29
JUN
2017

Life After Loss

Posted By : maryellenmc@gmail.comComments : 0

I have become certified as an NVC trainer about a year ago, completing a journey that started in 2003. I came close to completion about 5 or 6 years ago and then stalled for various reasons and then was re inspired to complete the task. During this time I also worked as a counsellor, often using NVC as the lens through which I focused my work. I counselled individuals, couples and groups. I did a lot of self-esteem and inner dialogue work as well as working with communication, conflict resolution, and coaching people toward an amicable divorce. I also did some work with my husband putting together a course on the Psychology of Chronic Pain. However the largest focus of my counselling was on grief, loss and bereavement.

In March of this year my husband died. I struggle to describe all the feelings surrounding this event. Although being able to discern and get clarity about what I was feeling and needing gave me some sense of direction and being a bereavement counsellor was certainly helpful because I knew on some cognitive level that it was normal and even common to experience the things that I was going through, it really didn’t make it any easier. I felt like my world was turned upside down and I really didn’t and still don’t know who I am anymore. I would sometimes remember the things I would tell clients as they would come up against challenges but it sounded like a faint voice from a far off place and not particularly helpful to me. The challenges of life after major loss are many. To honour and allow yourself to feel the pain sounds simple but it is truly not. There is also the fact that this death was completely unexpected and so I felt blindsided and traumatized by it. Shock and trauma often accompany but are very different than grief.

My first reaction was to submerge and go underground with the few people who seemed to be in a similar place with their grief as me. These people included mostly his daughters and our daughter together. I was with my daughter in another province when we heard the news so we stayed together for about two months. We belong to a blended family and so his daughters arrived almost immediately and we hung out and supported each other for that same two months.

It has now been about three months since my husband passed away and I am beginning to re orient and find which way is up. The many challenges continue however. The questions about who I am now and what I will do are not resolved.

Dealing with the things that people say, almost always from a place of good intention are still difficult to hear and respond to. Things like “You seem to be handling this so well”. My inner dialogue is usually “You have no idea how I am handling it because what parameters are you using to justify that statement? Is it because I put on a brave face and march around doing stuff? Or is it because I am honouring my grief by crying 6 hours a day for 2 months? “ But of course I don’t say that. I wish people would just say something like “I’m here. Don’t forget I’m here.” “You are not alone, I can’t make things any different but I can be with you here”. And don’t get me wrong I have many friends and colleagues who DO seem to know exactly how to support me. My bereavement colleagues and NVC friends have been a life-line for me. I have such gratitude for them and my amazing daughters and family. I know that I will emerge from this painful place with deeper insight and more strength but what I need now is the patience to wait for that to happen in its own good time and patience with myself to navigate the good days and the bad days and my own imperfection at supporting myself and the people in my life that I care so much about.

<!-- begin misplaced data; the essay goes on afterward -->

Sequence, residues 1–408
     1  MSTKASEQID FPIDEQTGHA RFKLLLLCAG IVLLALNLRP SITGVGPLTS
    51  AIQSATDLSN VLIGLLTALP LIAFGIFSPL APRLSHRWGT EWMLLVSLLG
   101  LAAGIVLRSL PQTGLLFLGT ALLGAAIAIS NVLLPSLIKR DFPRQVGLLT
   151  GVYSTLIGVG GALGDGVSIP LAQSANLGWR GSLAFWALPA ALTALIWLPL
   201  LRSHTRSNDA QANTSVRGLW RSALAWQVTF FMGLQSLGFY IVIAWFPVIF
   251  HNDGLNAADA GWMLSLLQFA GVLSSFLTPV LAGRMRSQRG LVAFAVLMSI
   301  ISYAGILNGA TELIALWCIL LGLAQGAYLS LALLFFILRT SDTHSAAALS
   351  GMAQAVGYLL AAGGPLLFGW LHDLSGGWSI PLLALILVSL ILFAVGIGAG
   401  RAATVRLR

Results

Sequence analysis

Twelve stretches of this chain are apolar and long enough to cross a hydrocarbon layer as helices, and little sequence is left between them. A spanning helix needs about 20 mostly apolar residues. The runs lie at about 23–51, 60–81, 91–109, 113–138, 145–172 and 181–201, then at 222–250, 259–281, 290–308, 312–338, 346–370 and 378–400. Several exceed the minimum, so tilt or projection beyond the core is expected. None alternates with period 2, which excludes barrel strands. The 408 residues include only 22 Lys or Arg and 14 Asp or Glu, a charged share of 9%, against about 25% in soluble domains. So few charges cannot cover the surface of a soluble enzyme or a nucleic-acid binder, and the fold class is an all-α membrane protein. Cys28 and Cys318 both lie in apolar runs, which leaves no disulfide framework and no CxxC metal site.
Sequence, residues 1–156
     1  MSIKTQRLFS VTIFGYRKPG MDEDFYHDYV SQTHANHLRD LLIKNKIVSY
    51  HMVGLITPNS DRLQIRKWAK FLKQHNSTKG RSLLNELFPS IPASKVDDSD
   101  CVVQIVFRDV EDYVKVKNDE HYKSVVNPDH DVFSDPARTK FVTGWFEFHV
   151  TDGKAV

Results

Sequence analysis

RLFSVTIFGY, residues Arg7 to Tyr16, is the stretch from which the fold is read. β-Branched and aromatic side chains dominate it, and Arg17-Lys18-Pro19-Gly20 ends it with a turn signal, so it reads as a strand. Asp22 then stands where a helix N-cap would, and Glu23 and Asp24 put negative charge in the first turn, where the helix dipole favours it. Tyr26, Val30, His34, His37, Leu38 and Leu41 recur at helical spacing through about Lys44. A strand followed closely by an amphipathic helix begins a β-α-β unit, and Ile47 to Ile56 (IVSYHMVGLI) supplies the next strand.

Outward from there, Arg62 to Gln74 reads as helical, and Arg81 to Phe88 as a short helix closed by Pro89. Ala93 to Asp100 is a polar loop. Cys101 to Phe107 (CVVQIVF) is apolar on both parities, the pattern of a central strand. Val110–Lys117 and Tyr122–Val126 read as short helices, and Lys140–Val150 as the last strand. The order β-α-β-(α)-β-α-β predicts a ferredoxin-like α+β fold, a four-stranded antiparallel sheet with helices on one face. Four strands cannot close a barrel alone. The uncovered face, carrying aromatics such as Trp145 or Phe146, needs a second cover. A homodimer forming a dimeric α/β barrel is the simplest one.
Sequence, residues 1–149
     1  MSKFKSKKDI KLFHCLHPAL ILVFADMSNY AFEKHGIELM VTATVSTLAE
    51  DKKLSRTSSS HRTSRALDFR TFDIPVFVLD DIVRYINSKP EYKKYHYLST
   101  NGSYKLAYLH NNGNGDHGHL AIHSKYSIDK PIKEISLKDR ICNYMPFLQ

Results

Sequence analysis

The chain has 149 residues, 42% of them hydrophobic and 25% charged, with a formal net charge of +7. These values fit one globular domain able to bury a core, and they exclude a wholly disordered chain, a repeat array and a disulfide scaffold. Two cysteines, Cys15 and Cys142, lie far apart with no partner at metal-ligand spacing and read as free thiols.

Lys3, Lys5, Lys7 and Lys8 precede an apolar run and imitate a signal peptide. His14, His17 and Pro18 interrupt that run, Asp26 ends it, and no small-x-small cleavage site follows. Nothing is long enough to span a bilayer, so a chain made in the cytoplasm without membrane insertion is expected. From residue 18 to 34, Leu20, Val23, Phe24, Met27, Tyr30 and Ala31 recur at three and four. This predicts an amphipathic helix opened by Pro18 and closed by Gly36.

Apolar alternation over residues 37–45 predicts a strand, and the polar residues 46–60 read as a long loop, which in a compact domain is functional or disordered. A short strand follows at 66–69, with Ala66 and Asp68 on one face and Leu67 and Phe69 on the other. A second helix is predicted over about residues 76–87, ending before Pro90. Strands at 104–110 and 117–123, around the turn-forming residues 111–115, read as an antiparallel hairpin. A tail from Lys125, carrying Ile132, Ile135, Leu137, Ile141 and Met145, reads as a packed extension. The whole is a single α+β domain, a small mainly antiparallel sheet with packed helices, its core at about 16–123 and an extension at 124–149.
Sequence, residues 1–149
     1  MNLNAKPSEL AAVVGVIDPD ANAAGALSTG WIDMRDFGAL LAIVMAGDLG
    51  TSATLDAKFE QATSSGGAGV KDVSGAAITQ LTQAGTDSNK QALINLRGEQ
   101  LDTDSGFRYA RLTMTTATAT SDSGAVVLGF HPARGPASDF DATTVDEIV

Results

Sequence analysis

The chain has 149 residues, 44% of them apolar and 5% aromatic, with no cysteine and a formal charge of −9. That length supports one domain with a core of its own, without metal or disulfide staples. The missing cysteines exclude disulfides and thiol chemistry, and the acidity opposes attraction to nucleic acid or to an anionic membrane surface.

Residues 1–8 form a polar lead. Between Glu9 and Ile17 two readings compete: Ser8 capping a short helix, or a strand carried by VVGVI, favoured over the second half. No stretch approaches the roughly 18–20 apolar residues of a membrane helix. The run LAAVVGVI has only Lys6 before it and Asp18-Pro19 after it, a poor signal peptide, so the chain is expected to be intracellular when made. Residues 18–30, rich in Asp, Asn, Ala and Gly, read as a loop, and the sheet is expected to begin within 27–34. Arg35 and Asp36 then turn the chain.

maryellenmc@gmail.com
About the Author
Mary Ellen McNaughton, has a Masters in Counselling Psychology from UBC and has been incorporating the frame of NVC into her counselling practice since her introduction to it in 1999. Working with individuals, couples and families Mary Ellen focuses on the communication we have in our own head or ‘self-talk’, often with the help of a step by step debriefing or self-empathy flow sheet as well as shifting communication patterns between people. She also does bereavement counselling on contract with the Central Okanagan Hospice Association and collaborative coaching with the Okanagan Collaborative Family Law Association. As an adjunct professor at UBCO she teaches nonviolent communication in the context of Relational Practice to nursing students. She is on the board of BCNCC and does workshops and trainings in NVC by request in the Okanagan.